Sometimes, the stress of working as a nurse in the OB gets to Jill Kieffer, so she’ll steal away to a back room and close her eyes for a few minutes of meditation.

During that time, she can lower her blood pressure from 150/100 down to her normal range of 100/60, simply by focusing on her breathing and practicing awareness.

“It’s like giving yourself an Ativan,” she said.

She emerges focused and thinking clearly. “I’m calmer; that calms down my patient, that calms down the doctor I’m dealing with — everybody calms down.”

Kieffer has studied meditation since the 1970s, and was particularly drawn to a type of meditation, called mindfulness meditation, that was created some 36 years ago for use in a medical setting to ease symptoms in cardiac patients.

Simply put, stress is a killer, and meditation is its powerful antidote. Ample evidence backs up the efficacy of meditation in combating everything from chronic pain to insomnia to high blood pressure. Kieffer herself has seen people use mindfulness meditation to defeat chronic pain and get off blood pressure medicine.

She started it herself because it wasn’t a rigid format like other forms of meditation. “This one is do what you can, do a little bit every day.”

Her own job was stressful. “My stomach hurt. I didn’t like feeling anxious. I felt awful. It was like drinking 16 cups of coffee in a row.”

She was an ER nurse, then went to film school and worked in commercials, music videos and documentaries. She found the bigger the project, the bigger the stress. She went back to nursing and landed at Mid-Columbia Medical Center, which sent her off for training with the founder of mindfulness meditation, Jon Kabat-Zinn.

She’s been teaching mindful meditation for eight years now.

Mindfulness meditation — based on Buddhist principles — is used in all kinds of settings, from the United Nations to corporate boardrooms to kids in schools, she said.

Mindfulness is simply paying attention to what you’re doing in the moment in a particular way. “You’re not judging things as pleasant or unpleasant, as good or bad, or wanting more or wanting less,” she said.

All types of meditation have in common the notion of being in the moment and focusing on one thing to help keep you in the moment, such as breathing or looking at a flower.

“Anything can be meditating,” she said. “It can be crocheting, it can be walking, it can be making a strawberry rhubarb pie.”

Many of us live our lives on autopilot. “So we have all these reactions to things that happen in life and a lot of our reactions cause us stress, and that affects our health.

“Just about everything can be traced back to stress: heart problems, cancer, diabetes. So many things are not benefited by stress. So stress is a leading cause of disease.”

The University of Massachusetts, where mindfulness meditation was pioneered, has done studies that show meditation “boosts your immune system, brings your blood pressure down, calms an upset stomach.”

Mindfulness meditation is not about turning off the mind, “it’s about noticing what your mind does,” she said. It’s becoming aware of the stress “toggle switch,” and choosing not to activate it.

“Every time you become aware of what you’re doing as you’re doing it, you’re not in stress mode, you’re in relaxation mode. There’s a whole different chemical response in your body. It shuts off the adrenaline. ‘We don’t need to be jacked up here, let’s turn off the adrenaline drip and mellow.’”

“The biggest thing is you don’t have to shut off your mind. It’s not about stopping your mind for doing its beautiful thinking and wandering, it’s just noticing that that’s what our minds do, and getting back to what you were doing.”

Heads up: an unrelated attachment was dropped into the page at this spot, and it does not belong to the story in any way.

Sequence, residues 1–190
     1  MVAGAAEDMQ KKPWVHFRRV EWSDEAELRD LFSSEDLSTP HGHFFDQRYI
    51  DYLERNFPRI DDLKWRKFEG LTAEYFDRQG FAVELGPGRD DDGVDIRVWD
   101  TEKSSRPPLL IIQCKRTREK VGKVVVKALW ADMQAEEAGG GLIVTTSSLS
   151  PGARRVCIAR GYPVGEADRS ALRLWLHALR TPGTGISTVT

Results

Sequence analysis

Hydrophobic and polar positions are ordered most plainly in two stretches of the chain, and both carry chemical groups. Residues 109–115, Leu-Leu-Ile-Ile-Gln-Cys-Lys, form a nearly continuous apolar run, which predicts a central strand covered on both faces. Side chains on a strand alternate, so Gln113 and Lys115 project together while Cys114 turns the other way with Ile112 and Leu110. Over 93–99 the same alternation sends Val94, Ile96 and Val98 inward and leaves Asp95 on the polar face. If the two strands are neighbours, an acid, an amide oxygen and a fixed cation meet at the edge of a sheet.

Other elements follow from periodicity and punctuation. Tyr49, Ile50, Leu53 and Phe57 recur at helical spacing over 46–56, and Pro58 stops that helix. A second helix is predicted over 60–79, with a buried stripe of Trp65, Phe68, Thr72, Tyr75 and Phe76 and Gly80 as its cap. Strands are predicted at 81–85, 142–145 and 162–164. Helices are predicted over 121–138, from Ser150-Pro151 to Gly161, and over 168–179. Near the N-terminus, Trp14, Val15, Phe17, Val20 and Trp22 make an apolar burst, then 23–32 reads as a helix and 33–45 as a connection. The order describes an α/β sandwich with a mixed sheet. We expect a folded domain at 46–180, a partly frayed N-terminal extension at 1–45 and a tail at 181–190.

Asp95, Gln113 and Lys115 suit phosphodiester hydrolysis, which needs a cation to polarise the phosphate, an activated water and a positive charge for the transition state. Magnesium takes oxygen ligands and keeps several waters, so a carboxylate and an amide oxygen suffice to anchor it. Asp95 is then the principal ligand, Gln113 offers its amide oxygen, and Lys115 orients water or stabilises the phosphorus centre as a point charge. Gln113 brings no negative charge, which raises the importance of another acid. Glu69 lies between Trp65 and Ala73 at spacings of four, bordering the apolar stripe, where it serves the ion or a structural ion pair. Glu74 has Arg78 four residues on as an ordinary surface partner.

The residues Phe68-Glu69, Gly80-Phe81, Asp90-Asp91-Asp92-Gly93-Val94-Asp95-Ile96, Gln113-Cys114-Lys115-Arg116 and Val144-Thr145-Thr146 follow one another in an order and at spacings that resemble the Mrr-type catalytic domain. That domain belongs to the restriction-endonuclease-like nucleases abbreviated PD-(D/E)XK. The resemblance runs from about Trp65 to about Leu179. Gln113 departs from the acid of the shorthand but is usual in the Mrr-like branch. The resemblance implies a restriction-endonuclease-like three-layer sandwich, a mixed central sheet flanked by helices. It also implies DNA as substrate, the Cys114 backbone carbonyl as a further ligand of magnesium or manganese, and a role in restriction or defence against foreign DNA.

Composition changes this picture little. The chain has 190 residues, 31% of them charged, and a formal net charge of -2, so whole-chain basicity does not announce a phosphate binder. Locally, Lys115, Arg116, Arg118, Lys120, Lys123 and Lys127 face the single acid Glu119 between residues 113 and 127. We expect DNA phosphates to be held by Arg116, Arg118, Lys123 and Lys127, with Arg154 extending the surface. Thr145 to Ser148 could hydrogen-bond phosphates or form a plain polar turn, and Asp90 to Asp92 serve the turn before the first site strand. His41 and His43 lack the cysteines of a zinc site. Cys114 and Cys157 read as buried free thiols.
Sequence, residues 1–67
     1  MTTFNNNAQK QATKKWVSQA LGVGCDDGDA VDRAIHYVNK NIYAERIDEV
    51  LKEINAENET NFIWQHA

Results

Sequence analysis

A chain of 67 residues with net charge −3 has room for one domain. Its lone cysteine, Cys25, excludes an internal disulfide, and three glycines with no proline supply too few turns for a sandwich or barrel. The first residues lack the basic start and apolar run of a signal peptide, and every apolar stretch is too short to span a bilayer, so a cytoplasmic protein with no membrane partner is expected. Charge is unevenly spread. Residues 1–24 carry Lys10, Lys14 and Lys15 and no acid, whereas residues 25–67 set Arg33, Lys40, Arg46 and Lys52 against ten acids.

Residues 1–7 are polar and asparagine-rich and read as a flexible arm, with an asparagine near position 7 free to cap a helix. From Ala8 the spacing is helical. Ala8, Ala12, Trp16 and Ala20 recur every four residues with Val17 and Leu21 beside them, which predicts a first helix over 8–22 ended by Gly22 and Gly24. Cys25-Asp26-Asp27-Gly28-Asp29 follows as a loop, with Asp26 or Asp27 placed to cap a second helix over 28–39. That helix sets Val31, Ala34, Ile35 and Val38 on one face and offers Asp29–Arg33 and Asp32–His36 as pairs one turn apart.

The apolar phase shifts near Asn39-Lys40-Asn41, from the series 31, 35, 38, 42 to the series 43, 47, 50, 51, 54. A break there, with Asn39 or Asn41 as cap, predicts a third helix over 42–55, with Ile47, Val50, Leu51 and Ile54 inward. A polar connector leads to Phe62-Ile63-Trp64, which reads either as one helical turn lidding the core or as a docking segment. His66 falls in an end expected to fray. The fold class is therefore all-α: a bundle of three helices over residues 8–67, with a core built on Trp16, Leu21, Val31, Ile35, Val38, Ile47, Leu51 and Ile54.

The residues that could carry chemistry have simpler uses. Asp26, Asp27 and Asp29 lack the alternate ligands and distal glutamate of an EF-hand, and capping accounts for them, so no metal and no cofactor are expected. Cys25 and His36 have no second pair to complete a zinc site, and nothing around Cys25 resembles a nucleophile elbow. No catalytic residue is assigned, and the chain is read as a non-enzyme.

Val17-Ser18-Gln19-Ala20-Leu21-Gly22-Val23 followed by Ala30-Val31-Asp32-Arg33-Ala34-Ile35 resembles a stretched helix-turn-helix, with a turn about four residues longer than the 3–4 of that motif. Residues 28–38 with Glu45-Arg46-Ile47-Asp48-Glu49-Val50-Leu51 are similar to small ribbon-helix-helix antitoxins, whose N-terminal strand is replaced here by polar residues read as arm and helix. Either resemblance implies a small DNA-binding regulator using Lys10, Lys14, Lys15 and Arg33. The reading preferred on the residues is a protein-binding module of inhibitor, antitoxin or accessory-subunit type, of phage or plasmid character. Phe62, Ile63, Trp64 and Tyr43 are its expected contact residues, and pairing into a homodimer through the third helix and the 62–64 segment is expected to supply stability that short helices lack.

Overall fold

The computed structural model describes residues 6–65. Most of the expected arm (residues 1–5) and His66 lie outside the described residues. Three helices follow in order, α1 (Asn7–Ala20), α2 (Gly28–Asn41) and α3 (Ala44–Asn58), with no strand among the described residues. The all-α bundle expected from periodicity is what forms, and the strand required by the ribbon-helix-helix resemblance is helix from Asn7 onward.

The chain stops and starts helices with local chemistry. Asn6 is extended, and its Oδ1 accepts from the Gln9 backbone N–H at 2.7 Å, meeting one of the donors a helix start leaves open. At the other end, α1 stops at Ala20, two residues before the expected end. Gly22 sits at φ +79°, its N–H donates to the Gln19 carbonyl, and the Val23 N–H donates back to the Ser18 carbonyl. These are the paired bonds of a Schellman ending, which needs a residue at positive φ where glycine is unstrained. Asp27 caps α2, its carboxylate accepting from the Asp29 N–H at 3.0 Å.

Mindfulness meditation starts with becoming aware of breathing and then moves on to awareness of sounds and sensations of the body.

Meditation is free, she said, all it costs is your time. “You don’t have to belong to a fancy club or wear spandex,” she said.

Being mindful means catching yourself when you’re slipping into autopilot, or worrying about the future, or ruminating about the past, and bringing yourself back into the moment.

Time crunch is the biggest complaint she hears. “We have tight schedules and tight clothes, and we’re not breathing properly,” she said.

Multi-tasking is something that “puts your brain in distress mode. It’s thinking about one thing and then the next and then the next and then the next.” The brain’s automatic response to stress is to think quickly. The brain gets trained to be stressed.

“When you practice medication regularly you get so you can focus on one task really, really well and you actually get it done quicker,” she said.

As she goes about her busy job, she’s still apparently multi-tasking, but “The biggest thing is, outwardly, it might not look very different, but inside I’m very calm and focused,” she said. She’s not going into stress mode, which damages the body.

“I am feeling energized, rather than depleted. That’s what stress does, it exhausts you.”

Meditation also translates to relationships, where a slammed door won’t trigger a “reaction, but a response,” if the person is mindful of what is going on, and thinking clearly, she said.

Kieffer teaches two eight-week mindfulness meditation courses each year at Water’s Edge. She’s in the midst of one session now, and will do another in September.

She also does free classes once a month. The next is June 12 from 7 to 8:30 in the meditation room at Water’s Edge, and it focuses on the benefits of breath and meditation to help with pain and insomnia. For more information or to register, call 541-296-7319.

Students in her current class are about halfway through the course, and some have reported that others are starting to notice something different about them.

“They’re sharing how the people around them were saying, ‘Hey, what’s different? You’re not reacting the way you used to.’”

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